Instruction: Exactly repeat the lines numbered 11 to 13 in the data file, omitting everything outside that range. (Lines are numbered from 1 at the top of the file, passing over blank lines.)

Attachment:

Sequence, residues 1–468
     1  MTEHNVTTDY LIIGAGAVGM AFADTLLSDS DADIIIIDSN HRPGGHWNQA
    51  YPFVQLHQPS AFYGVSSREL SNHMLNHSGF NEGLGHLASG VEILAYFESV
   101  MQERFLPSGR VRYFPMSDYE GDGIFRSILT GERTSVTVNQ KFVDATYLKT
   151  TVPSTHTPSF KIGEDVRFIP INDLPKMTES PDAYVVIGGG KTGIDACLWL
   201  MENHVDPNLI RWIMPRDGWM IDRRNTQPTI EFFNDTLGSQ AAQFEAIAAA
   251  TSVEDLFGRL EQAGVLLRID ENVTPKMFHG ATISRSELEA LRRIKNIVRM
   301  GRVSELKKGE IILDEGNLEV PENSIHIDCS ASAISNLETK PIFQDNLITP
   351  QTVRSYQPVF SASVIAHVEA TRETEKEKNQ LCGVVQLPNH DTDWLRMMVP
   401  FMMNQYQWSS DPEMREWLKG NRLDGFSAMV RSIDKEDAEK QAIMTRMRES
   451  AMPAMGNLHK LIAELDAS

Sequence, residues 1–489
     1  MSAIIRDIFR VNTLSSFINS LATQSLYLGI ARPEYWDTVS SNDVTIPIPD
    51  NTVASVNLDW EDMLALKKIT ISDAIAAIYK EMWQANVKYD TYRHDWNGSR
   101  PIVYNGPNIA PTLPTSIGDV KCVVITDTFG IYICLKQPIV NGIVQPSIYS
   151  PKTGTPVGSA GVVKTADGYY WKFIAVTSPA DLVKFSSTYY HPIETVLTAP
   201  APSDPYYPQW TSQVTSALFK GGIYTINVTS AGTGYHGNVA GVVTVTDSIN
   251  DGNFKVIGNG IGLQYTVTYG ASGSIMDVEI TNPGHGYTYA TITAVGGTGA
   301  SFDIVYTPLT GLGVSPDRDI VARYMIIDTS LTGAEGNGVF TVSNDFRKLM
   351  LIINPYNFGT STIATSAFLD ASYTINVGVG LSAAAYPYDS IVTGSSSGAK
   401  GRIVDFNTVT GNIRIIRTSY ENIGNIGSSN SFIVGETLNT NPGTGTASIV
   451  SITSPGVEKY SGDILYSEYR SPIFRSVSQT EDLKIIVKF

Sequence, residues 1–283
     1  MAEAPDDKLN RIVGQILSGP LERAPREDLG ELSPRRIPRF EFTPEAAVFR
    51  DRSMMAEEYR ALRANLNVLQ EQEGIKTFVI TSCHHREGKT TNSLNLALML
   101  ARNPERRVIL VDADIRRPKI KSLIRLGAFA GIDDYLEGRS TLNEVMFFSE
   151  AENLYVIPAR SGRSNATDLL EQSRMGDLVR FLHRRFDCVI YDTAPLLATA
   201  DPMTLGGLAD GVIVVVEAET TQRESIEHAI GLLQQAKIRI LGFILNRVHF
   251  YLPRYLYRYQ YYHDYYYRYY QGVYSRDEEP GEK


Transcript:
   451  AMPAMGNLHK LIAELDAS

Sequence, residues 1–489
     1  MSAIIRDIFR VNTLSSFINS LATQSLYLGI ARPEYWDTVS SNDVTIPIPD